Oh, so now the DMN finds our public safety crisis “worrisome.”  In true form, the City Manager T.C. Broadnax trots out  his first proposed budget aiming, as the DMN says, to  put “service first.”  Or, as we prefer to say: putting Projects Before People.  The DMN comments: “But it’s worrisome that this budget with no significant service cuts was delivered on the backs of salary savings from hundreds of police officers who have left the city. Broadnax and his staff account for 3,094 officers in 2017-18 — 519 fewer than in the budget this fiscal year. As the crime rate ticks up, it’s important that Dallas doesn’t curtail aggressive efforts to recruit and hire more officers. (Violent crimes — including murder, sexual assaults, robberies and aggravated assaults — are up 7 percent through June, compared with 2016.)” 


Hmmmm, they call it “worrisome.” We call it a public safety crisis.



And with the State Fair of Texas just around the corner, officials are now a little concern about security at the fair. The DMN reports, “The shrinking Dallas Police Department — already struggling with slower response times and an uptick in violent crimes — may have trouble providing security for the State Fair of Texas the way it once did.” Ya think? Perhaps Big Tex as part of his welcome speech to fair goers should warn everyone with a: “HOWDY FOLKS! Your estimated police response time is…”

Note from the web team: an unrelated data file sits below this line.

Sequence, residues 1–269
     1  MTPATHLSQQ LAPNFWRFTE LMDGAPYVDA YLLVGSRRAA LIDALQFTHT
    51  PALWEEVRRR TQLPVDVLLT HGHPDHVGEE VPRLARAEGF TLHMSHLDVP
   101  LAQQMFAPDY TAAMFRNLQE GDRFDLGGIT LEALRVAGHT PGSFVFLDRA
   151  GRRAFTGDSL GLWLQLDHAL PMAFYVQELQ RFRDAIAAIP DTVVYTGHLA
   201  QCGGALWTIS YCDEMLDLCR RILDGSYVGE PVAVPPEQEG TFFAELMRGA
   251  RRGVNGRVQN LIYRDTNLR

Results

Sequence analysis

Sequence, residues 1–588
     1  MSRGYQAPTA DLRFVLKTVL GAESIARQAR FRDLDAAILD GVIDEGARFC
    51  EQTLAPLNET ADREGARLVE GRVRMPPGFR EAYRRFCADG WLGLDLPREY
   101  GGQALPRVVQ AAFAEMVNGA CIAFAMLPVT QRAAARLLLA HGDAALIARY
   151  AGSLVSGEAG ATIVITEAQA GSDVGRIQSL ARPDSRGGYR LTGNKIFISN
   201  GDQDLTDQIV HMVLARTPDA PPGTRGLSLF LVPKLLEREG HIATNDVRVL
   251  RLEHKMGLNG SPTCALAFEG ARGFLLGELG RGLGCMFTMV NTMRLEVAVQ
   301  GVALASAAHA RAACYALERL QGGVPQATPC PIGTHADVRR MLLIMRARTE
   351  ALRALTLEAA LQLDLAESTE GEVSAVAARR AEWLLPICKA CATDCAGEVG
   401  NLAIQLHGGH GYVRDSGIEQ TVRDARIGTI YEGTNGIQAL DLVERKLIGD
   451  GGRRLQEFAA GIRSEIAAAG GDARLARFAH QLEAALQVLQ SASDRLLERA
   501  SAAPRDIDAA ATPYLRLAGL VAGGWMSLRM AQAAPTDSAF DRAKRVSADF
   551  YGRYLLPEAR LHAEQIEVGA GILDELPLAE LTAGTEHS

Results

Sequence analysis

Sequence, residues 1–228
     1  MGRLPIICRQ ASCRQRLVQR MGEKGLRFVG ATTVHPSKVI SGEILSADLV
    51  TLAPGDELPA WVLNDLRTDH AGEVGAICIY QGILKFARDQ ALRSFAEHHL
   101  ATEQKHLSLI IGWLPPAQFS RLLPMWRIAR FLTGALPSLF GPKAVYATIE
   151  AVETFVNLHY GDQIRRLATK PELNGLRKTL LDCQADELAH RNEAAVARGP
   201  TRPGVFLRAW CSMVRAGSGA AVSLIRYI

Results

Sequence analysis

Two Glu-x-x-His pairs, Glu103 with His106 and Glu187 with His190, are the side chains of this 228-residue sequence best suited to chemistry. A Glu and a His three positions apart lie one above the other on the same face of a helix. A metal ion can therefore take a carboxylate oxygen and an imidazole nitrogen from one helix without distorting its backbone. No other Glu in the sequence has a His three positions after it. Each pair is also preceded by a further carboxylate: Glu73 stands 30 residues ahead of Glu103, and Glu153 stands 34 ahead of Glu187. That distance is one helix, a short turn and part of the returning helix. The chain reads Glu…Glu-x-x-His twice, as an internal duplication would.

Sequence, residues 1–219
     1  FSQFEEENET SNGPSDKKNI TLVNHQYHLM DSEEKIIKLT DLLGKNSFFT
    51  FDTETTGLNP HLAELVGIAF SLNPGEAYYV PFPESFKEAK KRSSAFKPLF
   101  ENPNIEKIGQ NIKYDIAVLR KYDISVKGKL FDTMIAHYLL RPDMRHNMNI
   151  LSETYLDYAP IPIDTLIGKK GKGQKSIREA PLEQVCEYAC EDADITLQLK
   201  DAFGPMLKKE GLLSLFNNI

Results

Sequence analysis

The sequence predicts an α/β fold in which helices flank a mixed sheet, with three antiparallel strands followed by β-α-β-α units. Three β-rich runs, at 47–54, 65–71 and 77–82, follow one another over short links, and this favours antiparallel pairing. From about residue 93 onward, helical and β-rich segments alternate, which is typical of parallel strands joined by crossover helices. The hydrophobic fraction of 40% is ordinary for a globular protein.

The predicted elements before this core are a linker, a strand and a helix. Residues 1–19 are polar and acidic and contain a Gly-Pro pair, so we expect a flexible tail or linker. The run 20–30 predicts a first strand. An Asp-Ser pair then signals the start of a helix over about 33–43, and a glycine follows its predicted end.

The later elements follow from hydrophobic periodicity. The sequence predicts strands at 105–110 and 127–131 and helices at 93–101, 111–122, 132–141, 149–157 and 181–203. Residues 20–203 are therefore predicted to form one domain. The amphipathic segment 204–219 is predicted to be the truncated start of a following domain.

And speaking of response times and the shortage of police officers, retiring police officer Nick Novello took a parting shot. According to an article in The Dallas Morning News, Novello told Dallas City Council members “the same thing he’s been saying all over Facebook and the television news in recent days: Police response times are worse than you think. Priority calls are being sent to officers who can’t respond, just to clear the emergency off the board. Morale’s in the toilet. Stress levels are way up. And help ain’t on the way.” 


“You no longer have a viable policing function in Dallas, Texas,” Novello told the council. File this one under the category of #WeToldYouSo and #HelpAintOnTheWay



Not sure if this will have anything to do with anything, but for now, a small, red flag flutters. According to news reports, federal regulators are investigating the financing behind the massive Statler Hotel redevelopment in downtown Dallas. According to the DMN, “One focus of the SEC inquiry is the sale last year of $26.5 million in municipal bonds backed by future tax incentives that the city of Dallas granted to the developer under what’s called tax-increment financing. Cities use such deals to lure developers to build in specific areas with little economic growth.” Like I said, just a small red flag fluttering… for now.